Anonymity online - is it for you?

  TOPCAT® 16:49 11 Sep 2005

Is possible to be totally anonymous online and is this really a desirable thing?
click here

There's more on this subject at ClickOnline (RealPlayer required) on the right of the page. They first discuss the merits of the latest processors, which could be helpful to the uninformed. TC.

  Forum Editor 17:42 03 Mar 2006

I find it hard to have any sympathy for people who whinge on about poor government, and then admit that they never vote.

  watchful 19:32 03 Mar 2006

Just vote for the best of a bad bunch. It'll turn around eventually so that there's one you fancy.

  namtas 19:57 03 Mar 2006

I do not believe that the electoral registor record should be sold for commecial gain, but if it has to be then individual choice should be to opt in not opt out.

  namtas 21:18 03 Mar 2006

Maybe their are some people not aware that their are two version, I assumed that everyone knew that.
The point I am making, obviously not very successfuly is that the choice to not be included on the full register for general sale and distribution should require an "opt in" on the electral confirmation form. Not an opt out

I think maybe many people may miss this small point on the return or not understand the implication

  Forum Editor 23:20 03 Mar 2006

my father was a candidate in a general election, and sometimes I helped him when he went 'doorstepping'. I was the runner who went ahead with a couple of party officials and lined up electors who wanted to speak to the candidate.

I learned a great deal about apathy during that time, and was amazed at how many people were quite ready to hold forth on what was wrong with the country, with politicians, with all the political parties, with the NHS, the roads, the weather, and just about anything else they could think of, and then ended by saying "Of course, I never vote for any of you" or words to that effect.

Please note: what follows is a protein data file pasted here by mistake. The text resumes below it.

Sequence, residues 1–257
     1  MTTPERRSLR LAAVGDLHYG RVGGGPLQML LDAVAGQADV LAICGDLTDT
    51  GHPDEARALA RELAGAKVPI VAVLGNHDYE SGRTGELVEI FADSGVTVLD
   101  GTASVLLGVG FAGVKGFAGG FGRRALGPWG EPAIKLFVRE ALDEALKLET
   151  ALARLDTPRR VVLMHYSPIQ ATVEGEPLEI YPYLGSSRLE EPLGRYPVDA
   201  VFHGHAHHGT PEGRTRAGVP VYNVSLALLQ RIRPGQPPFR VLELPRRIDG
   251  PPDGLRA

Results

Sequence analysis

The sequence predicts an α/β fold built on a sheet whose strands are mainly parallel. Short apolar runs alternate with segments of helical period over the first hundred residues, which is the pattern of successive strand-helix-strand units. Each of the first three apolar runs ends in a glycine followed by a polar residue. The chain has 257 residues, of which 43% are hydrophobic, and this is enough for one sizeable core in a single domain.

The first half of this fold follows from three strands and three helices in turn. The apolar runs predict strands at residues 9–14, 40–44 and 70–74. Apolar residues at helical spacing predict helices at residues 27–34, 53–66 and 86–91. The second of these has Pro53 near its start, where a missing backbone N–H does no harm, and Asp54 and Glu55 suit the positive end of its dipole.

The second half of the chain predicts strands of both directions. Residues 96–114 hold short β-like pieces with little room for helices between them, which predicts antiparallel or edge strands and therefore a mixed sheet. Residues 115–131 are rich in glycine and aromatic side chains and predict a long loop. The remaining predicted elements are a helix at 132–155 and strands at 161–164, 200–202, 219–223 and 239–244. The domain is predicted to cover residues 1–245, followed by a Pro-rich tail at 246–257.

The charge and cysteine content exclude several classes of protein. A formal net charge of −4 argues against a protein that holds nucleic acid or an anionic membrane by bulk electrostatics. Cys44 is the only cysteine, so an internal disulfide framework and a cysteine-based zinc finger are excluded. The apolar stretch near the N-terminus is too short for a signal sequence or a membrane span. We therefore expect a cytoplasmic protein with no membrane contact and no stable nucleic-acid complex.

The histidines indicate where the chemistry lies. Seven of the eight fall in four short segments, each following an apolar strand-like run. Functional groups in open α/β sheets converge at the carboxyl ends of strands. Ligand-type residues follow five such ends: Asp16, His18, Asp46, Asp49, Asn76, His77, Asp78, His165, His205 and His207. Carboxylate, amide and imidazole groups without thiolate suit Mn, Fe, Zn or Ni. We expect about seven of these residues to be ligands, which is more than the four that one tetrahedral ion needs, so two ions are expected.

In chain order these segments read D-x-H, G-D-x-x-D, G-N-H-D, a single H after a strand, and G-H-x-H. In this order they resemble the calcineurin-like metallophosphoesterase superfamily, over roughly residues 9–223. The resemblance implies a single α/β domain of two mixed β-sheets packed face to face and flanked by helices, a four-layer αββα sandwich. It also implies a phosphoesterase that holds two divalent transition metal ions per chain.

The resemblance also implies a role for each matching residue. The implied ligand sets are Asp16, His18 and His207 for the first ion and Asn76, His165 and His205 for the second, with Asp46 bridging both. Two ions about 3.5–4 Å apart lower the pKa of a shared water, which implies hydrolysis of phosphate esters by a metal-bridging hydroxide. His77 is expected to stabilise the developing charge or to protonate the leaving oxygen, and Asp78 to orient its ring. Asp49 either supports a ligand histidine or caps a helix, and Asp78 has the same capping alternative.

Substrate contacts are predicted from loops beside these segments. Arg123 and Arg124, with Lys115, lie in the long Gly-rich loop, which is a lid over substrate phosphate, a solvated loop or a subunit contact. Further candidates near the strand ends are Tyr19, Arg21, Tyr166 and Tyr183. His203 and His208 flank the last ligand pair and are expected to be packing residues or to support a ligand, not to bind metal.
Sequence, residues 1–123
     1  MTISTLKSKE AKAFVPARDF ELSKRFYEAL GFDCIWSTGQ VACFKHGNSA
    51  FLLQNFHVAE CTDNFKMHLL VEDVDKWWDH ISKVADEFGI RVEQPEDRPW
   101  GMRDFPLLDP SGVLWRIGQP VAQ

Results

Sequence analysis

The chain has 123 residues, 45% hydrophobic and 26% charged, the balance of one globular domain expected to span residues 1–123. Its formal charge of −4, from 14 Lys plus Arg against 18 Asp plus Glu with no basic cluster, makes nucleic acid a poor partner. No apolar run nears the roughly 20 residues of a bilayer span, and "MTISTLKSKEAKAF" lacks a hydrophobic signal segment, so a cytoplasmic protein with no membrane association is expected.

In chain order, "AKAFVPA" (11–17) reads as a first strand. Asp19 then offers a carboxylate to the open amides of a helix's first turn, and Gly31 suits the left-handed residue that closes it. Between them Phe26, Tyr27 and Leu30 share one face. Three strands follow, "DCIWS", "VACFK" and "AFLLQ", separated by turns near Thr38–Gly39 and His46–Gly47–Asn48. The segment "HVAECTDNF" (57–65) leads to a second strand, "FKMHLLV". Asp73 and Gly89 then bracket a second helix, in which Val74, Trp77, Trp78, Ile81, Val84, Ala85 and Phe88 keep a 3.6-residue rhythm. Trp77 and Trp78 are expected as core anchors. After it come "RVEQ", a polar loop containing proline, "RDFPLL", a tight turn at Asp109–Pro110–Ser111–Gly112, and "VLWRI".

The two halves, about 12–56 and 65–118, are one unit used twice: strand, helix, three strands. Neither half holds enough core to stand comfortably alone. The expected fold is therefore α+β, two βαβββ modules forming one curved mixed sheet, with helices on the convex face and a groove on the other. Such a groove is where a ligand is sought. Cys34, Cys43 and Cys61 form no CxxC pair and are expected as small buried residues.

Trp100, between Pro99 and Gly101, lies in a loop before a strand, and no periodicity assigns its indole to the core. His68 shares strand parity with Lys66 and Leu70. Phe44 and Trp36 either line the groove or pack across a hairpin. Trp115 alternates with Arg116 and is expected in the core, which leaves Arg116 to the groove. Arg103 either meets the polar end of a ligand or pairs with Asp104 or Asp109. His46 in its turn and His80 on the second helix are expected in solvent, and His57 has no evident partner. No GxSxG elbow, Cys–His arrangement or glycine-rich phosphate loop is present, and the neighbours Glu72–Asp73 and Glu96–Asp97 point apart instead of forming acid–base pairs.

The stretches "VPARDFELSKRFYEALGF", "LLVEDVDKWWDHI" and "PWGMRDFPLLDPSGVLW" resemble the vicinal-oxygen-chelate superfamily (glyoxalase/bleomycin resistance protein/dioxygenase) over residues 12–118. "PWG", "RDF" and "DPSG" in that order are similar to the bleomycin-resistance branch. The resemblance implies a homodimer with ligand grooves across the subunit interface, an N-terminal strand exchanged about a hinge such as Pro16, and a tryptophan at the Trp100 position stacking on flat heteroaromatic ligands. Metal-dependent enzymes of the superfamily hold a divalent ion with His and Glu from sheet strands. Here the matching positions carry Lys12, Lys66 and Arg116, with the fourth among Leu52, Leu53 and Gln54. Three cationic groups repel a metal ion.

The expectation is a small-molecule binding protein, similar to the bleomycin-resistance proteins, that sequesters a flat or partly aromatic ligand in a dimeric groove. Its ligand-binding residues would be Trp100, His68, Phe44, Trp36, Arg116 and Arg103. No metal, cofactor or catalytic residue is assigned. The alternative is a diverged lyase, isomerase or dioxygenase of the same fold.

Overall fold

Millions of us show little or no interest in political issues, have no clear understanding of what goes on in parliament, and care little about the future of our country - introspection and selfishness seems to rule the day. It's a great pity in my view, and we're paying a heavy price for it in terms of our standing in the international community.

  watchful 07:08 04 Mar 2006

I can understand why you are disillusioned but that is exactly why you, and all the others who feel as strongly as you, should make your presence felt and then maybe you'll get the best candidate for your area.
Not all politicians are scoundrels even if it sometimes appears so. As with everything else there are many beavering away in the background and getting things done without the media hype that surrounds the leading figures.

A bit off topic now this thread. Apologies Topcat.:0)

  TOPCAT® 22:39 04 Mar 2006

No apologies needed at all. I don't care in the least that the thread has gone off at a tangent, in fact it has moved on to a subject in which I hold strong views.

Something definitely needs to change in the political spectrum, in my opinion, that would hopefully induce more people to at least take an interest. Maybe then they would see that every eligible person's vote is worthwhile, with the knowledge that they had, at least, tried to change the status quo. What that something would be is hard to define if the recent history of all the parties is placed again under the apathetic's microscope. Only the politicians themselves can remedy that. TC.

  Forum Editor 23:34 04 Mar 2006

to becoming a political discussion, and that's a sure sign of impending doom on a web forum.

If everyone skirts around the thin ice we'll be OK, but at the first sign of a party political comment I'll close it. Sensible adults should be able to sustain a debate about social issues without lapsing into political contention.

  Forum Editor 23:45 04 Mar 2006

If it helps, I'm not aware of any rule requiring ISPs to retain emails for a minimum of six years.

In the past, the UK Data Protection laws required that only those records needed for billing purposes are kept for longer than 48 hours. The new European directive on data retention (which our government strongly supports) requires that member states compel ISPs and telecoms providers to retain data for a minimum period of six months, up to a maximum period of 2 years.

Companies would be required to retain:-

1. data that can trace fixed or mobile telephone calls

2. the time and duration of calls

3. the location of the mobile phone being called

4. details of connections made to the Internet (including dates, duration of sessions, sites visited.

5. details, but not the content, of internet e-mail and internet telephony services

Details of connected calls that are unanswered, which could be used as signals to accomplices or to detonate bombs, will also be archived where that data exists.

  iambeavis 18:52 05 Mar 2006

This thread is now locked and can not be replied to.

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